Music & Nightlife

Train teams with openers, fans to create fun-filled show

By Sara Carson

scarson@charlotteobserver.com

Lead vocal Patrick Monahan for the rock band Train performed at the PNC Pavillion, on Tuesday, June 9, 2015.
Lead vocal Patrick Monahan for the rock band Train performed at the PNC Pavillion, on Tuesday, June 9, 2015. ogaines@charlotteobserver.com

Train put on a memorable concert on Tuesday night thanks to a little help from its friends: openers Matt Nathanson and The Fray, but also the 18,000 fans crammed into PNC Music Pavilion.

All three artists included the audience in their performances in some way.

Nathanson, performing first, enticed the then-sparse crowd by bringing humor to his performance. Three songs in, the artist threw a guitar pick into the audience, which he later pointed out ended up in a woman’s cleavage. The 42-year-old singer-songwriter cracked to fans that the rock n’ roll-esque moment made him “the happiest I’ve ever been.”

He took the opportunity to mingle with fans by jumping off-stage and running down aisles, before closing with a mashup of 2008 hit “Come On Get Higher” and “You’re The One That I Want” (from “Grease”), which livened up the audience and prepped them for The Fray.

Like Nathanson, The Fray lead singer Isaac Slade braved the crowds by walking up the aisle of the reserved section, giving out high-fives along the way, before climbing up on the railing in front of the lawn to sing “Hurricane” as fans tried to snap a selfie with the artist.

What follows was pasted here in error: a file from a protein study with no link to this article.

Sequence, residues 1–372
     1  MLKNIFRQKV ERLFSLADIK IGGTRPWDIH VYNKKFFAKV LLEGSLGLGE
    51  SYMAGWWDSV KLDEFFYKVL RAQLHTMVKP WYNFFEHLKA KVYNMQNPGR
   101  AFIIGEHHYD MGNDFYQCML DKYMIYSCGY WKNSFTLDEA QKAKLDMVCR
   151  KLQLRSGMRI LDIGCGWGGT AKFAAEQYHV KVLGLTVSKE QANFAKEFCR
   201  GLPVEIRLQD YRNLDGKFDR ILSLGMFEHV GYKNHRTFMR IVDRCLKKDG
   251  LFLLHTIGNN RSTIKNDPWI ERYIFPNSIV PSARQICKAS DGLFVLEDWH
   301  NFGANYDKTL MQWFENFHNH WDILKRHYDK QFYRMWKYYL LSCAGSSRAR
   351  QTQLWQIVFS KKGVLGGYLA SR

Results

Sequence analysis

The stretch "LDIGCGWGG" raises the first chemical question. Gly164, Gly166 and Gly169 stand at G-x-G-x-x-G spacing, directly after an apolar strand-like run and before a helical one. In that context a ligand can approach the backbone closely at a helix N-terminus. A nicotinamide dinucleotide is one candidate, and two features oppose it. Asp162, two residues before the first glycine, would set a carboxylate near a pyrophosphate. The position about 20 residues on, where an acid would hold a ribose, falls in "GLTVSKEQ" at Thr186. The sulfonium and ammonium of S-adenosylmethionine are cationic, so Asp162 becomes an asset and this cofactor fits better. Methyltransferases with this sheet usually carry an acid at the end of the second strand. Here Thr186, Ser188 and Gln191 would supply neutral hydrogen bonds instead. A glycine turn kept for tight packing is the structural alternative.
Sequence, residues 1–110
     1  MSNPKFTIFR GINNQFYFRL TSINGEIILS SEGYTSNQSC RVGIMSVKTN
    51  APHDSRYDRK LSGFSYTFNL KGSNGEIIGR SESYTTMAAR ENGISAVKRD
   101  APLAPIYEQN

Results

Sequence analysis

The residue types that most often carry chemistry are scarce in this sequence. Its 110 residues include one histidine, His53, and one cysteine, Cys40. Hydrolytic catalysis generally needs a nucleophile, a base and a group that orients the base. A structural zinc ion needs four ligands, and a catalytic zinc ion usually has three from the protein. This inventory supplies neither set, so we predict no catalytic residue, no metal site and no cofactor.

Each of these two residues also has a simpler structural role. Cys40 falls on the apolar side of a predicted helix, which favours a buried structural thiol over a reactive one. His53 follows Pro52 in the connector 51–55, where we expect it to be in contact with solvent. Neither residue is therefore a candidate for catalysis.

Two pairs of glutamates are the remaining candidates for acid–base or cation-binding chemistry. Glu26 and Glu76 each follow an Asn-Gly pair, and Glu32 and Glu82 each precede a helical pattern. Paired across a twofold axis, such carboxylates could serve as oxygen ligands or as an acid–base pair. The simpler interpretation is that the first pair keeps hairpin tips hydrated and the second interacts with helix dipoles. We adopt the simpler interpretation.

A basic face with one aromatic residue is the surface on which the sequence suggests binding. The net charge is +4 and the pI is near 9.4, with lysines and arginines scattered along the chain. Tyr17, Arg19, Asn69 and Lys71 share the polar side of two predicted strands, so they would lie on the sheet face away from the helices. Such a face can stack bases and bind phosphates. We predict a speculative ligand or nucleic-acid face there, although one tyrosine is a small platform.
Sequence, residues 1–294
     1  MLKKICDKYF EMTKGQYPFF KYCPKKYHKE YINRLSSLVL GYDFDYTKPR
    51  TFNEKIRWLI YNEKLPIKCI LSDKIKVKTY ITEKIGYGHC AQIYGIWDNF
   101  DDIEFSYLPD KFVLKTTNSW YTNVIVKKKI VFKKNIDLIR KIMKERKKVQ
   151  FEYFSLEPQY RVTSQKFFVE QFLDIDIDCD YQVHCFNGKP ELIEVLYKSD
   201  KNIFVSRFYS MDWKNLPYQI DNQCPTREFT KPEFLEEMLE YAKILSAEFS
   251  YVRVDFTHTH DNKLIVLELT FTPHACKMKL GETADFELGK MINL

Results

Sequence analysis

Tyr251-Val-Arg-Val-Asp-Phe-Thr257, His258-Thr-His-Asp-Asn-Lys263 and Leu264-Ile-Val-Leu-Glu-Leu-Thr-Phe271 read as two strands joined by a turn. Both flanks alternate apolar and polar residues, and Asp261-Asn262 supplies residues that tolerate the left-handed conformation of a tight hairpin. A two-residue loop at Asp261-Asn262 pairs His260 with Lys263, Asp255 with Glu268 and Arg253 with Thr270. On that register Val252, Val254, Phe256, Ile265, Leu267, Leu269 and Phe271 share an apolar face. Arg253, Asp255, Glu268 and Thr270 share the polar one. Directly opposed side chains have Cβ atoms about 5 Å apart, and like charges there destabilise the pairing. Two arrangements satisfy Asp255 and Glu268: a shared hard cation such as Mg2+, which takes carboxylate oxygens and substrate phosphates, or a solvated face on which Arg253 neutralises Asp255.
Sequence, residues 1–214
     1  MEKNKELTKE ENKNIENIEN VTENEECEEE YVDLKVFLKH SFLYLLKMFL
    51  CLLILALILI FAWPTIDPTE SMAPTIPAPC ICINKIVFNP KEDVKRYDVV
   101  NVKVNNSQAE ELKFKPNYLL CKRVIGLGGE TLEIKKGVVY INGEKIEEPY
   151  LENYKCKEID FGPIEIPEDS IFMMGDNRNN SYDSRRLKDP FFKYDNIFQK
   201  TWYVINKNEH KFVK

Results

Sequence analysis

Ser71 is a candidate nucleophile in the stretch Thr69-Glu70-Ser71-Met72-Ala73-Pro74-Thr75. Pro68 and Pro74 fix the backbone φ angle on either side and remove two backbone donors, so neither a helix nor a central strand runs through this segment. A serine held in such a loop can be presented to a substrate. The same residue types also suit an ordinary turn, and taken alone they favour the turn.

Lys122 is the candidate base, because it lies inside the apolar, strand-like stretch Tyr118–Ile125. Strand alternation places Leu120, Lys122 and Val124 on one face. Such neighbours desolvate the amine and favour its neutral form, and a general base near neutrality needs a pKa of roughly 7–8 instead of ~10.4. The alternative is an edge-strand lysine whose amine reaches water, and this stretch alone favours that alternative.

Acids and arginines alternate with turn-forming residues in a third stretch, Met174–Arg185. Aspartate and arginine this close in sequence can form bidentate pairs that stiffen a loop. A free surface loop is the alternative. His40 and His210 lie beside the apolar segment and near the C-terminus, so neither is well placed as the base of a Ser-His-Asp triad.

Then came the headliner, Train, heralded by the loud and long signal of a train whistle. Although Train’s lead singer, Pat Monahan, didn’t run into the crowd like his opening acts, he took fan interaction to the next level.

While singing “If It’s Love,” he indicated to the audience that he “likes to take selfies during this song,” then proceeded to grab more than 25 audience members’ cell phones, one after the other, snapping shots of himself before returning the devices to their owners.

Later, Monahan invited roughly 20 fans to sing and dance with him during “Wonder What You’re Doing for the Rest of Your Life.”

He threw T-shirts, guitar picks, drumsticks and beachballs to fans, and at one point had each member of his band sign the shirt on his back, then proceeded to do a quick striptease before tossing the shirt into the crowd.

Train played a range of songs from different albums and times, starting with “Meet Virginia” (from its earlier album, “Train”), moving on to “Angel in Blue Jeans” (off the band’s newest record, “Bulletproof Picasso”), and shocking the crowd during an encore with a seamless performance of Aerosmith’s “Dream On.”

Monahan sang another classic rock and roll hit, “With a Little Help From My Friends” by The Beatles, welcoming Nathanson and Slade back on stage for a trio tribute.

The band closed the show with its signature song, “Drops of Jupiter,” which sent the audience home fully satisfied after a long night of interactive rock n’ roll.

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